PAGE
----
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Opened 4 months ago

Last modified 4 months ago

#47514 new enhancement

Change priority of make_clickable callback to boost performance

Reported by: olliverh87 Owned by:
Milestone: Awaiting Review Priority: normal
Severity: minor Version: 5.2.1
Component: Comments Keywords:
Focuses: performance Cc:
PR Number:

Description

Hi!

Preemptive: please excuse me if this ticket is inappropriate. Since WordPress' HackerOne states explicit disinterest in DoS related issues, I hesitated at first to create this ticket here. However, the effectiveness of the DoS attack and the signifcant performance boost I gained after I understood the logic behind the attack and changed a line of code made me think this might be worth sharing here.

Last week one of our clients who runs a very high profile site with WordPress fell victim to a sophisticated DoS attack where attackers spammed the site with comments containing thousands of strings such as ftp.z. The processing of requests that displayed these comments took a huge portion of the server's available RAM.

Long story short, we identified the following callbacks as the troublemakers:

  1. make_clickable
  2. wp_kses_post
  3. wptexturize
  4. convert_chars
  5. convert_smilies
  6. force_balance_tags
  7. wpautop

They all have in common that they operate on the entire comment string and attempt to parse out all HTML tags contained within them via REGEX functions, which takes up a lot of RAM. As a solution for our client, we established some more spam filtering for created comments.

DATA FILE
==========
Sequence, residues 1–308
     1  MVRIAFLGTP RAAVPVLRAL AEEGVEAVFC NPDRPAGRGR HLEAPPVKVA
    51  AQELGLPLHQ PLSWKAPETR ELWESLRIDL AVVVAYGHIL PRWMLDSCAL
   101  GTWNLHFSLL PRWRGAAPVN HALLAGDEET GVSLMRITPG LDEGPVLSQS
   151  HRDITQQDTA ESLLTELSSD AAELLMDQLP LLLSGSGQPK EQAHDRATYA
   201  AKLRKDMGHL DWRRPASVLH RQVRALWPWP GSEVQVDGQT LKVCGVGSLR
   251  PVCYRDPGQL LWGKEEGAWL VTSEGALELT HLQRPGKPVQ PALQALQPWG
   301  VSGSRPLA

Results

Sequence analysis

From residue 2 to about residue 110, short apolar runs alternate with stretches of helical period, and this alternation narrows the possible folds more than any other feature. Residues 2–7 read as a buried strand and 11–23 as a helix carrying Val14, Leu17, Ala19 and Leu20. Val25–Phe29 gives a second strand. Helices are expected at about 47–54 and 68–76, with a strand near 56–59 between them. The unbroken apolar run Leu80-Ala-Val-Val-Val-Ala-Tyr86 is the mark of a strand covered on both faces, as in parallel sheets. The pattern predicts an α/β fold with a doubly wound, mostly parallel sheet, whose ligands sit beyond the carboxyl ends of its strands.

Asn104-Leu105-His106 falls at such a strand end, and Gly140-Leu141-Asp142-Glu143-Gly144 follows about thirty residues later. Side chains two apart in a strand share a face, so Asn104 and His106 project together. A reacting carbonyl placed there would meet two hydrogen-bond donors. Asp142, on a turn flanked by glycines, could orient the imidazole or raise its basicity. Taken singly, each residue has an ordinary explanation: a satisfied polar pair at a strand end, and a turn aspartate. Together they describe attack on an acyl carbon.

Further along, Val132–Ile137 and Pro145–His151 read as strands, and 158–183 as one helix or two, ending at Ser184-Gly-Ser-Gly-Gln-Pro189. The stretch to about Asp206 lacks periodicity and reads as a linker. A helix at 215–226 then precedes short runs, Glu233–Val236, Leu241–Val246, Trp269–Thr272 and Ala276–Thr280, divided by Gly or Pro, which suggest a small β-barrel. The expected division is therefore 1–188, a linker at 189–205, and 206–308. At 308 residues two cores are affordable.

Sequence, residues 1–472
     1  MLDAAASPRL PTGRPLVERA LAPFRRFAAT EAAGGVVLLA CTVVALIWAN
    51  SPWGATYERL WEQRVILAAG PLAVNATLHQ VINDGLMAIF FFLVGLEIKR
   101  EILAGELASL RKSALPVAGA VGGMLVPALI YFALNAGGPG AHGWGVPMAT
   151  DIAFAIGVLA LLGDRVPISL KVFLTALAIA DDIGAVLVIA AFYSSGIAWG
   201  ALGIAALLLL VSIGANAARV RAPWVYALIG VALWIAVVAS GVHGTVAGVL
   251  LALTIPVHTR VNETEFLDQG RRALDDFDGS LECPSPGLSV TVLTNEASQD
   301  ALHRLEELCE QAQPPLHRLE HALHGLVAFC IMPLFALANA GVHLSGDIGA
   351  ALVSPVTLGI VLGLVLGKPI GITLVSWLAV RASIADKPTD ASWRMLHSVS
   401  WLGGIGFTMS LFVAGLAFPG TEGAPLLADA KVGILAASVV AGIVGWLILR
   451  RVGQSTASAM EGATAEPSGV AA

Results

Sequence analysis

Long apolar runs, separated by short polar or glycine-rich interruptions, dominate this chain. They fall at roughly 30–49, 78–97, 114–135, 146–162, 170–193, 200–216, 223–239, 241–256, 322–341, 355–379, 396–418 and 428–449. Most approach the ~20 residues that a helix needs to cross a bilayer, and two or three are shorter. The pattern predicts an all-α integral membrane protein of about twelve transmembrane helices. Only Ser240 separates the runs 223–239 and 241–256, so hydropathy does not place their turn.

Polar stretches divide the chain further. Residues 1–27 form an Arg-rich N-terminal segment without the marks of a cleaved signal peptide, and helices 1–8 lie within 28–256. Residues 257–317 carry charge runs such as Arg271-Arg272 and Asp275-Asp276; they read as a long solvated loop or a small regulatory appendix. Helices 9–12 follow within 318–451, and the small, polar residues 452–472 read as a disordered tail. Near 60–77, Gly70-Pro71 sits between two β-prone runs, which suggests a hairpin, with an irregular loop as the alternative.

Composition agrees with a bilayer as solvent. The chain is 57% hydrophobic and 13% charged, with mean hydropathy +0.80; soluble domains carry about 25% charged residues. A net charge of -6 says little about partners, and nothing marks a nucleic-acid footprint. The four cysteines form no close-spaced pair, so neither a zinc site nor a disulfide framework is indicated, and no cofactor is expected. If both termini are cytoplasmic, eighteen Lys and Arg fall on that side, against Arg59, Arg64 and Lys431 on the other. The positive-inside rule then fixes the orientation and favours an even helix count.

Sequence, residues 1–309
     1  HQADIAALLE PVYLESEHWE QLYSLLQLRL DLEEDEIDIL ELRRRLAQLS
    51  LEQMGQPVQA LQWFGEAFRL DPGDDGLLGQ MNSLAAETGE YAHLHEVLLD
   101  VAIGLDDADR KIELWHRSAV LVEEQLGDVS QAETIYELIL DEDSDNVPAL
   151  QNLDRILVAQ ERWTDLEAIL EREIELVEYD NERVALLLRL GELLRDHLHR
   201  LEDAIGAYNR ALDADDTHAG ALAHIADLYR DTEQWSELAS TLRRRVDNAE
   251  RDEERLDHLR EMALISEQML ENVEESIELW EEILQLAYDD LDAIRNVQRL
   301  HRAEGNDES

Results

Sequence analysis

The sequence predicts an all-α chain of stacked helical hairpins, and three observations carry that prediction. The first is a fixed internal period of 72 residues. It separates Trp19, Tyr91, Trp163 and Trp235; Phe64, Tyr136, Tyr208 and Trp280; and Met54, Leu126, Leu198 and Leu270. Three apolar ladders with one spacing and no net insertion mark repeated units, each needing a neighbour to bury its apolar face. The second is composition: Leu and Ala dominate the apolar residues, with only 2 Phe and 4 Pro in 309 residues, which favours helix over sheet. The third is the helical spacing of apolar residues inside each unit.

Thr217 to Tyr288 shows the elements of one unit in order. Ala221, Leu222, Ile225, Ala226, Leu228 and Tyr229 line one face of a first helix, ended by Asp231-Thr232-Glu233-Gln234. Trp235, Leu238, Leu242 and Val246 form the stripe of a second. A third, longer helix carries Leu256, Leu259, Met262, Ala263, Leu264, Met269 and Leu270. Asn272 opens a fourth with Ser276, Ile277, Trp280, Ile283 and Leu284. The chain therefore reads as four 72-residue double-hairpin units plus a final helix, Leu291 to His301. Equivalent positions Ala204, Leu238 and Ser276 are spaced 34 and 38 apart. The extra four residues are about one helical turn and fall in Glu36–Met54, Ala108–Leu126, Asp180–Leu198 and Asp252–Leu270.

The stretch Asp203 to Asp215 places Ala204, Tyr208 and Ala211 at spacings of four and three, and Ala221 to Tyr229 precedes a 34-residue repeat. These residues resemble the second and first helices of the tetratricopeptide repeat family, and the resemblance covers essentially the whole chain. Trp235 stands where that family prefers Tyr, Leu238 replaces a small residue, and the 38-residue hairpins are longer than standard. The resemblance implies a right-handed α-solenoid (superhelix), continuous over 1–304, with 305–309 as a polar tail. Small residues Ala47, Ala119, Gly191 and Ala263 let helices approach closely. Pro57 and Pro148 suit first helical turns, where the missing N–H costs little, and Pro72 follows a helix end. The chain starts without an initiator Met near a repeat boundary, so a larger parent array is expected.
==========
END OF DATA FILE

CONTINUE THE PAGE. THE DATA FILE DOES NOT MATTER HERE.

However, out of personal interest in how this attack worked I tried to understand the logic behind the attack.

The reason the attackers had created comments containing thousands of strings such as ftp.x is that the make_clickable callback converts these strings into full <a> tags via PHP's built-in preg_replace_callback.

Per default, comments can only contain 65500 characters. The string ftp.x (including the whitespace) contains only 6 characters. Thus it is possible to have the string ftp.x contained 10916 times within a single comment. make_clickable then turns those 10916 strings into 10916 tags, leading to a comment containing over 500.000 characters. Since make_clickable runs first, all of the other 6 callbacks that operate on the comment string use REGEX to parse 10916 * 2 (one opening and one closing) tags, leading to a huge memory overhead.